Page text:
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dc.contributor.authorAbell, Jesse W.
dc.date.accessioned2020-04-24T16:14:50Z
dc.date.available2020-04-24T16:14:50Z
dc.date.issued2020-05
dc.identifier.urihttps://dspace.sewanee.edu/handle/11005/21728
dc.description.abstractIn the field of homiletics, attention is given to structure, content, and delivery, but previous work has often neglected to consider how the sound of a clergyperson’s voice impacts the message the audience hears. In the quantitative segment of this project, a study was designed to examine how hearers make assumptions of preachers based on their vocal code, with findings suggesting that hearers do form biases based on the sound of a voice. The qualitative segment reports experiences from a dozen transplanted clergy. These findings are evaluated within a missional contextualization framework, resulting in suggestions for future clergy who are navigating significant demographic transitions.en_US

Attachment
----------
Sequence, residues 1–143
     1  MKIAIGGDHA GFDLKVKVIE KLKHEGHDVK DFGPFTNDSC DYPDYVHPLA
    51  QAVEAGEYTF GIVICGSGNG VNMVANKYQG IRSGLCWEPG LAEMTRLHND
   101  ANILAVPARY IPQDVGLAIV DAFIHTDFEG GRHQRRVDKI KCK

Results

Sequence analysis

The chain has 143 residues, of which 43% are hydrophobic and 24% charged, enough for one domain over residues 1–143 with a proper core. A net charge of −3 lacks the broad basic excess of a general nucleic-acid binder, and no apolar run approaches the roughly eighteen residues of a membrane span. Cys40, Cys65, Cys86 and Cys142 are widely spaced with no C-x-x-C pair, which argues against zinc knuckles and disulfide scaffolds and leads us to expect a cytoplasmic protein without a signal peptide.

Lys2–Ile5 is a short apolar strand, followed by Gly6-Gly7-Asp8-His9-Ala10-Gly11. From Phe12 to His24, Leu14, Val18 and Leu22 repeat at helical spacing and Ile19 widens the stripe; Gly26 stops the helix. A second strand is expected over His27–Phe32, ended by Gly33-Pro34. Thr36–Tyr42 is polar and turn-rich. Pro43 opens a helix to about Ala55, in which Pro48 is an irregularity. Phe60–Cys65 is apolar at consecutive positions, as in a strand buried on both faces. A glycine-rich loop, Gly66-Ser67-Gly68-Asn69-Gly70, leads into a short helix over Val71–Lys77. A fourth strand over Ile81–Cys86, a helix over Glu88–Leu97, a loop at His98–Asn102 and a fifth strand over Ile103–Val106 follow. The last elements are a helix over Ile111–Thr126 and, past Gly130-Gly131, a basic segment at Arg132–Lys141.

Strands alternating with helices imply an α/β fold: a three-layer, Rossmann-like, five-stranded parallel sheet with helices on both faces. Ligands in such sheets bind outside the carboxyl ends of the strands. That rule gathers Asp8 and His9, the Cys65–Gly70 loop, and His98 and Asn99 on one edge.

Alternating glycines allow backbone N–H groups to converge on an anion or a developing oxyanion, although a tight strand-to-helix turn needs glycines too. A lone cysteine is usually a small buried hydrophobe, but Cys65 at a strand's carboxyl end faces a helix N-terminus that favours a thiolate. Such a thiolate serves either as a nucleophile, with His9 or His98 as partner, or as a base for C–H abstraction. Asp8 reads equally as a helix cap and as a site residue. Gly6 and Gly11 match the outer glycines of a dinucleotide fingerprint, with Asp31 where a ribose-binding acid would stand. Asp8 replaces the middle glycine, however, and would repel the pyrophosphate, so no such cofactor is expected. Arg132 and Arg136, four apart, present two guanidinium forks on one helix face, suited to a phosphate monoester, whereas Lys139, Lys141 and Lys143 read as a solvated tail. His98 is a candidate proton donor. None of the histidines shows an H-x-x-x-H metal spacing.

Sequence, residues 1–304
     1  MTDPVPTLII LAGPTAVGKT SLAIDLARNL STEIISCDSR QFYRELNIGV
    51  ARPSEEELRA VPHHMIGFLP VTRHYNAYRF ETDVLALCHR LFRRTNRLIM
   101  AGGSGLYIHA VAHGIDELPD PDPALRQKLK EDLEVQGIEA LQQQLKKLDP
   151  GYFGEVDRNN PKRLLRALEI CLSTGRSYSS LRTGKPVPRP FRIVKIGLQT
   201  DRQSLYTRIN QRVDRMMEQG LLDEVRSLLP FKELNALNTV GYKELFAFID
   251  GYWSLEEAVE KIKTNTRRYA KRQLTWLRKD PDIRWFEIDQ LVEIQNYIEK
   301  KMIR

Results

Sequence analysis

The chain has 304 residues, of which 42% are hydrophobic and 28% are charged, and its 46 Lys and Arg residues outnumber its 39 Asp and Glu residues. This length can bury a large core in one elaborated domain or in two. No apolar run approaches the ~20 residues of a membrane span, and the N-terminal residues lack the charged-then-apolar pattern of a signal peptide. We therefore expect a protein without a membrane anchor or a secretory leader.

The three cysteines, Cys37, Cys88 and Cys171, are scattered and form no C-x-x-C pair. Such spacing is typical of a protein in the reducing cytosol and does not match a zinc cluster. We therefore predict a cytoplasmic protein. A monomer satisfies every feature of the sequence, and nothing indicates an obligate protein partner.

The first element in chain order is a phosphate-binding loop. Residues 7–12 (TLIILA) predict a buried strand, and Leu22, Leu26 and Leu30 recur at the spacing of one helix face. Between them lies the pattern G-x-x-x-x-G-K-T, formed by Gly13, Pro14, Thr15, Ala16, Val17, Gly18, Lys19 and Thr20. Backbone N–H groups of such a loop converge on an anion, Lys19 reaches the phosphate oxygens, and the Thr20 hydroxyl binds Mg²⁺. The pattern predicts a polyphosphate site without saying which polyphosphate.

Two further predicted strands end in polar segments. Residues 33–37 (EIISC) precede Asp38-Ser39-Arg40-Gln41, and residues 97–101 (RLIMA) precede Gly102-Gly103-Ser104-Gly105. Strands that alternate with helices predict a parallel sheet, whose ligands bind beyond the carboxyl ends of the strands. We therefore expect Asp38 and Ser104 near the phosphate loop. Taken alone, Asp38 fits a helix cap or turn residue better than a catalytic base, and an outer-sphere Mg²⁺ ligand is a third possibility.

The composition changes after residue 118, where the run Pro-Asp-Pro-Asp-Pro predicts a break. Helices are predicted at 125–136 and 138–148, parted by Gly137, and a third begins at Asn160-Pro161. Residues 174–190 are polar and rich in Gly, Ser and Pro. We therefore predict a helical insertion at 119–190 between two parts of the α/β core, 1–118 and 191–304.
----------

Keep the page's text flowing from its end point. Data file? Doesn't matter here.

dc.description.sponsorshipRev. Dr. William Brosenden_US
dc.language.isoen_USen_US
dc.publisherUniversity of the Southen_US
dc.subjectSchool of Theology Thesis 2020en_US
dc.subjectHomileticsen_US
dc.subjectClergyperson's voiceen_US
dc.subjectBias on the sound of a voiceen_US
dc.subjectForeign speaking preachersen_US
dc.titleHarkening to the Sound: The Influence of a Clergyperson's Vocal Code on the Homiletical Message with Recommendations for Transplanted Preachersen_US
dc.typeThesisen_US


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